I remember watching “Titanic” for the first time and refusing to get sucked in by Jack, Rose and their brief but ill-fated romance (though I did shed a tear for the brave string quartet, who serenaded the sinking ship with a dignified rendition of “Nearer, my God, to Thee”) because the ending was a foregone conclusion.
So when I read the book jacket for Salt to the Sea, about the actual worst maritime disaster that I had never heard of, I wondered how author Ruta Septys would tell the story of the Wilhelm Gustloff in a way that would escape the feeling of inevitability without actually escaping the inevitable.
Septys kept things lively by dedicating a good part of the story to the dynamics between three of the four POV characters as they journey from somewhere frozen in Prussia to the equally frigid port where the Wilhelm Gustloff and the fourth character await.
For Joana, a young Lithuanian nurse separated from her family–pay attention to who her relatives are–guilt is a hunter.
For Florian, a disillusioned Prussian teenager on a secret high stakes mission, fate is a hunter.
For Emilia, a Polish girl caught between the Germans and the Russians, shame is a hunter.
For Alfred, a sailor on the Wilhelm Gustloff desperate to prove himself to the girl next door and to the Third Reich, fear is a hunter.
In every case, the simile is apt. At first, I thought I’d have trouble keeping track of who is fleeing what from which country, but Sepetys skillfully juggles between Joana, Florian, Emilia and Alfred, four teenagers swept up by fate or design in a massive war, each with their own distinct personalities, backgrounds, motivations and secrets.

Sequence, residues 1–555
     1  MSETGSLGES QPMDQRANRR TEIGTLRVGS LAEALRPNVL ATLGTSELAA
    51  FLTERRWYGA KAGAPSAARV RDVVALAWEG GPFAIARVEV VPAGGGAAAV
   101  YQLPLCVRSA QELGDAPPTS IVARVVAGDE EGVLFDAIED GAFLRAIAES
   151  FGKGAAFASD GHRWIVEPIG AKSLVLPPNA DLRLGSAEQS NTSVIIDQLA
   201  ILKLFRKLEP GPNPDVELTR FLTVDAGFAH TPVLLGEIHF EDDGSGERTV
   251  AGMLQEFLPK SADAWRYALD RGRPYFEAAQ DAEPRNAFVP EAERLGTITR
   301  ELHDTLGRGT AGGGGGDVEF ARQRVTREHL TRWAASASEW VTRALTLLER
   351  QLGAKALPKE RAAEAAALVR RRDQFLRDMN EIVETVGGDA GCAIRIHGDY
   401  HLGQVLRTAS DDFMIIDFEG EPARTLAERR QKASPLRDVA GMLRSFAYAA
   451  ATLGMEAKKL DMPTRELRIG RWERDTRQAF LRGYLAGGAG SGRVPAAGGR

By the time our protagonists reach the Wilhelm Gustloff, the ship on which thousands of retreating German soldiers and refugees are crammed aboard to escape the oncoming Russian army, I’ve very invested in what will happen to Joana, Florian, Emilia and their traveling companions. Will they be allowed on to the same ship, even though the ship is doomed?
In getting to know the characters, I also learned more about the historical relationships between the Germans, the Russians and the Slavic and Baltic nations caught in between. The fact that I’d read Symphony for the City of the Dead–about the German siege of Leningrad and the no-holds-bar way that Russia fought back–prior to reading Salt to the Sea also helped me understand the geopolitical situation. (I suggest pairing the two if you want to forego happiness for awhile.)
However, having read Sepetys’ earlier book, Between Shades of Gray, I knew from the get-go that though the chances of a happy ending were slim to none, readers can count on Septys to end on a hopeful note to slightly temper the otherwise crushing despair of the horrible historically-accurate events that her characters endure.
This brings me to my one quibble with this book: the abrupt ending. As with Between Shades of Gray, the denouement in Salt to the Sea arrives a bit too early. One of the main characters asks questions about identity and the future, and then the chronology skips ahead two and a half decades to tie up the loose ends.
In a way, this time jump feels like a deliberate distancing of these fictitious characters, temporarily alive in the present day of my mind, back to their historical past. In a way, it feels abrupt because I’ve grown fond of these characters (except one) and I’m not ready to part with them just yet.